Today a contingent from the Mando Group programming team took an excursion to the Microsoft TechDays event in Fulham to hear about a cross section of innovations in the Microsoft Web platform. There will be further presentations over the next few days on the Windows Azure platform, Silverlight and Windows Phone 7, and some of the team will be blogging about these topics later in the week. Those of us present for today’s Web track heard talks on a broad mixture of web related subjects. The highlights for me were:
Bruce Lawson gave an outstanding overview of the development of the HTML 5 standard, covering the history, politics and relationships between the various individuals and working groups involved, then moving on to explain what HTML 5 really is. The key take home messages for me were that HTML 5 standard succeeded over XHTML 2 because
- it is backwards compatible,
- is pragmatic (vs XHTML 2’s idealistic, puritan stance),
- puts the web user ahead of the author, developer or any other party
- allows for errors in authored markup. This is an inevitable consequence of human developer error, content management system limitations and 3rd party plugins, but importantly the standard describes exactly how the browser parser should respond to these errors, removing the problem of inconsistent DOM rendering between browser implementations.
Bruce also helped to dispel the concerns about HTML5 being an ‘unfinished’ standard by pointing out that while some parts of the standard are still under development, others are completed and already being used across the web in browser implementations and sites.
Martin Beeby gave a presentation on developing the TechDays website using Umbraco, an open source .NET Content Management System which we work with at Mando Group, and hosting the solution on the Windows Azure platform. The most exciting aspect of this is that Umbraco v5, due for release in June, will make this hosting configuration considerably easier to set up and scalable support for cloud deployment will be baked into the core product. We also learned that the website for the latest “Take That” tour was powered by Umbraco, and at peak times when ticket sales were announced the Umbraco site continued to perform while the separate ticketing site (not using Umbraco) crashed!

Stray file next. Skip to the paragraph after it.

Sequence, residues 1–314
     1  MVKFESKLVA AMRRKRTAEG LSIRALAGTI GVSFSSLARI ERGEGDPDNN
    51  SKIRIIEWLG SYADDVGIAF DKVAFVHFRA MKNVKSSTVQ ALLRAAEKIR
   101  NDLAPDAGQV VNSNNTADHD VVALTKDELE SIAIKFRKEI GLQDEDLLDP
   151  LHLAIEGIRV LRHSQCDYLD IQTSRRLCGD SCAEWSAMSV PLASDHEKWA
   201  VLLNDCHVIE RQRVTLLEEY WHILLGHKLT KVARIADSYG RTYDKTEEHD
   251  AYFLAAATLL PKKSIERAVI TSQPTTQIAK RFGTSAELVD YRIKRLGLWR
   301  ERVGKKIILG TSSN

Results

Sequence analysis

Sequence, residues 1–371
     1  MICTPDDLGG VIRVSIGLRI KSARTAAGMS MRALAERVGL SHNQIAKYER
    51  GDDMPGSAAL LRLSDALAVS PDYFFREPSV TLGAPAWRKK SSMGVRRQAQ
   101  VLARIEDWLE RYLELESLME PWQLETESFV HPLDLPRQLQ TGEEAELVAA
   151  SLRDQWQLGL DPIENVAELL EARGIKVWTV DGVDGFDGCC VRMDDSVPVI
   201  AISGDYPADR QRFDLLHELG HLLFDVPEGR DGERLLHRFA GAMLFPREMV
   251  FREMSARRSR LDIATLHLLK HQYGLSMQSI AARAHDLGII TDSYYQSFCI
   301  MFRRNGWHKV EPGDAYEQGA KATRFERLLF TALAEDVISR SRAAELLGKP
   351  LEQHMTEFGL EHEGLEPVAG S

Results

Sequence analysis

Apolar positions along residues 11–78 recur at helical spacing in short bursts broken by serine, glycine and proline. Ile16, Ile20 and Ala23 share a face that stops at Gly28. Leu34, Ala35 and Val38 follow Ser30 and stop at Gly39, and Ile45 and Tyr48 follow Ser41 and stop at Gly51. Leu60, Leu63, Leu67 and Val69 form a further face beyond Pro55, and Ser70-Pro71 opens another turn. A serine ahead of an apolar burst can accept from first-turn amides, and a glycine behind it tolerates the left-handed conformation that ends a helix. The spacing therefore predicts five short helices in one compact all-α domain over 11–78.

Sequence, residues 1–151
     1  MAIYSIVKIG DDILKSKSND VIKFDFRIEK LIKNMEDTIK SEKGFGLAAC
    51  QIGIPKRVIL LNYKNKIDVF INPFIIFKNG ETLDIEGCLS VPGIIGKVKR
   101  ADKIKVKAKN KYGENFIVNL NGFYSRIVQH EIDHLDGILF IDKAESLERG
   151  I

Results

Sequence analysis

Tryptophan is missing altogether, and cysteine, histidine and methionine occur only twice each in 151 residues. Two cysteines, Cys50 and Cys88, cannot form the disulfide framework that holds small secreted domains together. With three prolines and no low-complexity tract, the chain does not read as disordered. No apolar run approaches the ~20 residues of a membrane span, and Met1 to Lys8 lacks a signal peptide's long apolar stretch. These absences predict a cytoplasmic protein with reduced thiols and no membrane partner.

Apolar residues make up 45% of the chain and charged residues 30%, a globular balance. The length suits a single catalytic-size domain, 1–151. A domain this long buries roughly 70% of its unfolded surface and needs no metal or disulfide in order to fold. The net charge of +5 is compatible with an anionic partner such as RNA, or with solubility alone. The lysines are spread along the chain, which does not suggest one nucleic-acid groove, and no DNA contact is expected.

The other session which I personally found really interesting was the MVC3 update by Steven Sanderson. In contrast to last year’s MVC2 update, the new additions in MVC3 are not so much around the core framework, but more around the tooling and development infrastructure surrounding ASP.NET, but these are major improvements in their own right. The addition of scaffolding (another tip of the hat to Rails) and Entity Framework code first development make it faster than ever to get a data-driven application up and running, and the speed with which you can architect apps by pulling in components using the Nuget extension in Visual Studio will save many hours of work for developers.
The example app developed by Steve used EF4 with the repository pattern to separate data access concerns, and NInject to resolve dependencies within the app, exactly the architecture we have already used successfully at Mando Group for our last major MVC implementation for a client. It’s lovely to see how the ASP.NET MVC approach naturally leads the developer down the route of better architected web apps. Steve also covered some of the basics of Razor syntax, SQL Server CE (Compact Edition) and IIS Express (based on IIS 7.5). Again, all great additions to the Microsoft web stack which mean the developer has to spend less time thinking about underlying setup and infrastructure, and more time writing code which solves real business need.